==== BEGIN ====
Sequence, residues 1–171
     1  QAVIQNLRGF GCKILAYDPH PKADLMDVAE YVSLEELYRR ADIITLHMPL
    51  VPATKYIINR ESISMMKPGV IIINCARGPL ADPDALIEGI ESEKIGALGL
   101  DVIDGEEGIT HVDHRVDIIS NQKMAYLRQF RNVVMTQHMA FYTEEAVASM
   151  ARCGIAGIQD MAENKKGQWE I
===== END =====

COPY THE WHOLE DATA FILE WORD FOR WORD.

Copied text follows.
Sequence, residues 1–171
     1  QAVIQNLRGF GCKILAYDPH PKADLMDVAE YVSLEELYRR ADIITLHMPL
    51  VPATKYIINR ESISMMKPGV IIINCARGPL ADPDALIEGI ESEKIGALGL
   101  DVIDGEEGIT HVDHRVDIIS NQKMAYLRQF RNVVMTQHMA FYTEEAVASM
   151  ARCGIAGIQD MAENKKGQWE I